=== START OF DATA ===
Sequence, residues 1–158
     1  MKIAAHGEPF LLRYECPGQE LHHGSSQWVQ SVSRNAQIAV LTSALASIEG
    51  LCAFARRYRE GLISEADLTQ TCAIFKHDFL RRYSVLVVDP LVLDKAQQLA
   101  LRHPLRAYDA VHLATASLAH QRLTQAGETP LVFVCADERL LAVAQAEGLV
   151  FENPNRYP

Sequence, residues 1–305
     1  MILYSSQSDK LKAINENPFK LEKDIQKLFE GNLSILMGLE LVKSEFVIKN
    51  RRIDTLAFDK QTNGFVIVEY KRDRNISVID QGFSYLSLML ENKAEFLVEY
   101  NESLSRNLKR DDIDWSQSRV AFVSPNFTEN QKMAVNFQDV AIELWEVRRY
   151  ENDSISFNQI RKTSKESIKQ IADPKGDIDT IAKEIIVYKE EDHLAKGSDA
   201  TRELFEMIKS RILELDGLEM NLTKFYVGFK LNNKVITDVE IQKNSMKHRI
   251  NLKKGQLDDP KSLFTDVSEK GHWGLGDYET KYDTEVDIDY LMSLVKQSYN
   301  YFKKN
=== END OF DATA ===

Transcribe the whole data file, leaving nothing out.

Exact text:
Sequence, residues 1–158
     1  MKIAAHGEPF LLRYECPGQE LHHGSSQWVQ SVSRNAQIAV LTSALASIEG
    51  LCAFARRYRE GLISEADLTQ TCAIFKHDFL RRYSVLVVDP LVLDKAQQLA
   101  LRHPLRAYDA VHLATASLAH QRLTQAGETP LVFVCADERL LAVAQAEGLV
   151  FENPNRYP

Sequence, residues 1–305
     1  MILYSSQSDK LKAINENPFK LEKDIQKLFE GNLSILMGLE LVKSEFVIKN
    51  RRIDTLAFDK QTNGFVIVEY KRDRNISVID QGFSYLSLML ENKAEFLVEY
   101  NESLSRNLKR DDIDWSQSRV AFVSPNFTEN QKMAVNFQDV AIELWEVRRY
   151  ENDSISFNQI RKTSKESIKQ IADPKGDIDT IAKEIIVYKE EDHLAKGSDA
   201  TRELFEMIKS RILELDGLEM NLTKFYVGFK LNNKVITDVE IQKNSMKHRI
   251  NLKKGQLDDP KSLFTDVSEK GHWGLGDYET KYDTEVDIDY LMSLVKQSYN
   301  YFKKN